Linked by Thom Holwerda on Wed 6th Jan 2016 12:20 UTC
General Development

So, Castlevania: Symphony of the Night is one of my favourite games of all time, and it's also generally considered to be one of the best games ever made. And, as with all games, people 'speedrun' this game, which means trying to beat the game as fast as is humanly possible. There are several categories, each with certain rules and things that are and are not allowed.

This particular speedrun of Symphony Of The Night by Cosmo takes this concept to a whole new level. The end time of 7 minutes and 52 seconds is mind-blowing enough, but how he actually gets there is just utterly insane. Basically, he procures a very specific set of items in his inventory, and then proceeds to manipulate the items in his inventory in a extremely specific way, within very specific fractions of seconds of game-time, to use the sorting mechanism of the inventory to manipulate the assembly code in memory to make the game finish itself. All this, on the actual console itself, without tools, without additional software, without emulators, without anything.

The actual science or coding behind this technique was discovered and developed by a person named Sockfolder, and he put up a 40-minute stream to explain in detail what's going on, with the contents of memory on the side of the screen so you can see exactly what's happening. It's mesmerising (even though I don't fully understand what's going on).

While the actual coding part of it can be discovered and explored in relative comfort of an emulator and other tools, actually pulling this off 'live', with just the tools at the disposal of any regular player, is absolutely amazing. This kind of stuff sits at the very fringes of programming, and I find it incredibly impressive.

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RE: Comment by jonnyvice
by IgnitusBoyone on Wed 6th Jan 2016 21:06 UTC in reply to "Comment by jonnyvice"
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Super Metroid is one of my fav games, but in just terms of scale I think the game has maybe 9 bosses. SoTN has at least 30 and around 130 enemies. The scale of the game is just mind boggling. Not to mention I believe the native resolution of the tiles is far beyond any of its sequels.

I saw a mod of SM yesterday that rotates the entire world by 90 degrees. I am planning on picking it up to see it changes the game.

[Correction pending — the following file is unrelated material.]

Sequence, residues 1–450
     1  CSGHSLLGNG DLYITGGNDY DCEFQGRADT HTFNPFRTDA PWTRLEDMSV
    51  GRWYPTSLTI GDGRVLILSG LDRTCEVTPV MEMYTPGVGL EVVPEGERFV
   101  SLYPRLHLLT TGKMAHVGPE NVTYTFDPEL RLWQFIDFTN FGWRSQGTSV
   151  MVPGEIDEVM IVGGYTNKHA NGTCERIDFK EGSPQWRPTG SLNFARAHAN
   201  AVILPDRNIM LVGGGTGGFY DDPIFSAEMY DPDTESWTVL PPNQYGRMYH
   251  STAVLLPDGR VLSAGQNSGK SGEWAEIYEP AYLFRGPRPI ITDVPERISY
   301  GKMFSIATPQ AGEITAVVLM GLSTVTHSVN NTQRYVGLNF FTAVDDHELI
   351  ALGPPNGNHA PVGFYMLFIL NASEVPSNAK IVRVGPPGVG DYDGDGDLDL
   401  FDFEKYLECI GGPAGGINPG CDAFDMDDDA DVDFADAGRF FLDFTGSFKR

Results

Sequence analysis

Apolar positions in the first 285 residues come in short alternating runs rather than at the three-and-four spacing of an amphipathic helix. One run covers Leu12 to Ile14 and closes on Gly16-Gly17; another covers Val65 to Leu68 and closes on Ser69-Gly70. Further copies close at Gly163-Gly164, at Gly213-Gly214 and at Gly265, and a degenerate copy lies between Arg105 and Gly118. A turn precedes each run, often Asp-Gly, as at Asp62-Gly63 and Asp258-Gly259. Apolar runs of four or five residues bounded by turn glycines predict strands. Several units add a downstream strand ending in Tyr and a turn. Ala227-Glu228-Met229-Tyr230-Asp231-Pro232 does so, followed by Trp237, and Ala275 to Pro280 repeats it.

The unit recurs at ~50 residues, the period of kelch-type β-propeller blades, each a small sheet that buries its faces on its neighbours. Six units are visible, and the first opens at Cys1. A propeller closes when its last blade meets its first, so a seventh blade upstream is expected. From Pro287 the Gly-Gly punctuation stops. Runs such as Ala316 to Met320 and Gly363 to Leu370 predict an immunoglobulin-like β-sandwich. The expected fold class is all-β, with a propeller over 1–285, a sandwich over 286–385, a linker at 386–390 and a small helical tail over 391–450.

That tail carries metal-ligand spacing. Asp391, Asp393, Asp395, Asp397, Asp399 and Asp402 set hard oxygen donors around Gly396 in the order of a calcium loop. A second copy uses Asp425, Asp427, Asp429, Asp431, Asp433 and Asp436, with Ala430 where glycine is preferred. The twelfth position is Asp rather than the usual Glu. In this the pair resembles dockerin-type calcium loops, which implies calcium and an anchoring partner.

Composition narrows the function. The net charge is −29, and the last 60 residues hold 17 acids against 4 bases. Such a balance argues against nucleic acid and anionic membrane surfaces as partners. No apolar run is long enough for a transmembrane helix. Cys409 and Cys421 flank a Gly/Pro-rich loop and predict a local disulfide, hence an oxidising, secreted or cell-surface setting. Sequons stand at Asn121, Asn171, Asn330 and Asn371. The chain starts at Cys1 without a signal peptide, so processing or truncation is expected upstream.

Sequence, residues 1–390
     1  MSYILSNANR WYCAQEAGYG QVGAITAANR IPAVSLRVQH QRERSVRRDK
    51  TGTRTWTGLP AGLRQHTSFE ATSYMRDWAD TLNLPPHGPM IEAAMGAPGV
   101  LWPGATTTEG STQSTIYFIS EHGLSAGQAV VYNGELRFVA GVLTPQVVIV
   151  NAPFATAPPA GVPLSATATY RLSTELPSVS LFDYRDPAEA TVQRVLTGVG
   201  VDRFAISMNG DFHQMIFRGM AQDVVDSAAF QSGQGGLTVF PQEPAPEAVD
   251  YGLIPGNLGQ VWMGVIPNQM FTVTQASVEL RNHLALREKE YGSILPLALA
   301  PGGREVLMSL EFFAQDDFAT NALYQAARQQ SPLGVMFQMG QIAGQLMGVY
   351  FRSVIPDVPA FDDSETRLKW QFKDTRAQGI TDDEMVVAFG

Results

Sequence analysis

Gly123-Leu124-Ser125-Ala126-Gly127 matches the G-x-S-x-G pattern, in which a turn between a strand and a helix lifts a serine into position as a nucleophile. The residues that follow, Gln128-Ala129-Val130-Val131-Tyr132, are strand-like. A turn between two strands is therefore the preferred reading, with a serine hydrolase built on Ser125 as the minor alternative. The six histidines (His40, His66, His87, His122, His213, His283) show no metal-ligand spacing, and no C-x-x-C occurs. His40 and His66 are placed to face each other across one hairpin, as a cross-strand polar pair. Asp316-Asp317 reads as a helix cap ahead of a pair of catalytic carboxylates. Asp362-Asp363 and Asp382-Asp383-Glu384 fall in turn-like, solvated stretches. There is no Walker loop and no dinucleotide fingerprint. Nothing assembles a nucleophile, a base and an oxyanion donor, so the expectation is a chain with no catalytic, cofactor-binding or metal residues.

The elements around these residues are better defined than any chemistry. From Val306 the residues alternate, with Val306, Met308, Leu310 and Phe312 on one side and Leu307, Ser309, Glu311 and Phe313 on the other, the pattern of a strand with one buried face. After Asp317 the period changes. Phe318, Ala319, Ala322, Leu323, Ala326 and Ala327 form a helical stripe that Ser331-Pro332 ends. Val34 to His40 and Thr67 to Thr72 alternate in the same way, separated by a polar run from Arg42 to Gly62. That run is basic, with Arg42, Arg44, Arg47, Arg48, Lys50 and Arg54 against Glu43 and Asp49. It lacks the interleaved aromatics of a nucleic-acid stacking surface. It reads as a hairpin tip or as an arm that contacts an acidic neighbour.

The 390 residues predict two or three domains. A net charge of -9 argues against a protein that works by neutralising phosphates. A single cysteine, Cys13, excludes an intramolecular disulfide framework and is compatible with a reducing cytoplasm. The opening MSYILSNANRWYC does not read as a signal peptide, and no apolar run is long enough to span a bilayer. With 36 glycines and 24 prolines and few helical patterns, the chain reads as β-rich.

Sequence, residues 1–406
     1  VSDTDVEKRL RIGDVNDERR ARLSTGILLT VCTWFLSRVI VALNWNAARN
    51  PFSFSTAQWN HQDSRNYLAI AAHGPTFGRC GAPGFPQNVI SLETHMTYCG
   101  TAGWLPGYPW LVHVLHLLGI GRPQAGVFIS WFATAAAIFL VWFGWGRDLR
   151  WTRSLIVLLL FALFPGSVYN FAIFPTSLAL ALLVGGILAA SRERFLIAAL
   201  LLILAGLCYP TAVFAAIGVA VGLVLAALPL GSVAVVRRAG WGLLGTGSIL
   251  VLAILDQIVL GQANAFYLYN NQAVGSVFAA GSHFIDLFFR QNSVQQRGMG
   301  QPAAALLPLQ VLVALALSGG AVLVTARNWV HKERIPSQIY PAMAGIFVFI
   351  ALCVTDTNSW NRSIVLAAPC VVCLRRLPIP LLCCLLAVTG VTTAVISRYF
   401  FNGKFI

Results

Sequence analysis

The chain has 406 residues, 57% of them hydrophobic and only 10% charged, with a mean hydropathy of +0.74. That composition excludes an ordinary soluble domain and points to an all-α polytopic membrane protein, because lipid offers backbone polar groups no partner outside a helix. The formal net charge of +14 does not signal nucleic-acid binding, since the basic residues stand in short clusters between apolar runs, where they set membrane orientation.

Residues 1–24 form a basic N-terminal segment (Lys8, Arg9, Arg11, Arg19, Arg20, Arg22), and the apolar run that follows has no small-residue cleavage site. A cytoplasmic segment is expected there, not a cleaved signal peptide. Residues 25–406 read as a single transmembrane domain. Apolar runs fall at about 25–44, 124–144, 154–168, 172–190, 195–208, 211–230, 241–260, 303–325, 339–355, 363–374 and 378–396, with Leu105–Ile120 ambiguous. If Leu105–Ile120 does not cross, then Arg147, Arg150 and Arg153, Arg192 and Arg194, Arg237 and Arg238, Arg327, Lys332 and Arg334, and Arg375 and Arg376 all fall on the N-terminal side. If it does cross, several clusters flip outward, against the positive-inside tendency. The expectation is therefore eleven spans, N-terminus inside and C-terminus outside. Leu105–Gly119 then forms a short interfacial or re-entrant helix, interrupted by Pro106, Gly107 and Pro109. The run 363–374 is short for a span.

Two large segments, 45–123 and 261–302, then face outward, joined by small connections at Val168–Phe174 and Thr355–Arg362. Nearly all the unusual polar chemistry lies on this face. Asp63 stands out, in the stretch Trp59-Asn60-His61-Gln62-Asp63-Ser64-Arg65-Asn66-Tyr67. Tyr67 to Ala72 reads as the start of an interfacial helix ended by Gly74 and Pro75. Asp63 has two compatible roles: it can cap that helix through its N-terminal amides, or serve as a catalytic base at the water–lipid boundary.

Reply Parent Score: 1

RE[2]: Comment by jonnyvice
by jonnyvice on Wed 6th Jan 2016 21:57 in reply to "RE: Comment by jonnyvice"
jonnyvice Member since:

I'd say quantity doesn't equal to quality, but it was badly based on a joke.

I'm definitely in the Metroid>Castlevania camp however and while SotN definitely won in terms of scale, most of that scale was utterly forgettable as a player. I'm sure this comes down to taste and the weight of the nostalgia.

The craftsmanship of Super Metroid is where I feel it excels above and beyond anything SotN has to offer.

Native resolution isn't surprising considering the hardware targeted.

That mod sounds pretty interesting, I'll definitely check it out. Be sure to check out AM2R if you haven't already:

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RE[3]: Comment by jonnyvice
by Morgan on Wed 6th Jan 2016 23:44 in reply to "RE[2]: Comment by jonnyvice"
Morgan Member since:

Speaking strictly of my own tastes and preferences, what makes Castlevania: SOTN (and most of the Castlevania series) more enjoyable is the music and atmosphere. I'm a Metroid fan too, but Castlevania and especially SOTN just comes together as a more enjoyable experience for me. It doesn't hurt that, just as with playing Final Fantasy III (VI outside the US) with my brother, playing SOTN with my best friend made for some of the dearest memories of my teens and early 20s. She and I still talk about the game to this day.

As Thom said above, both are great game series and one isn't inherently "better" than the other. I'm hoping that Bloodstained: Ritual of the Night[1] lives up to the hype and becomes another great Metroidvania game.


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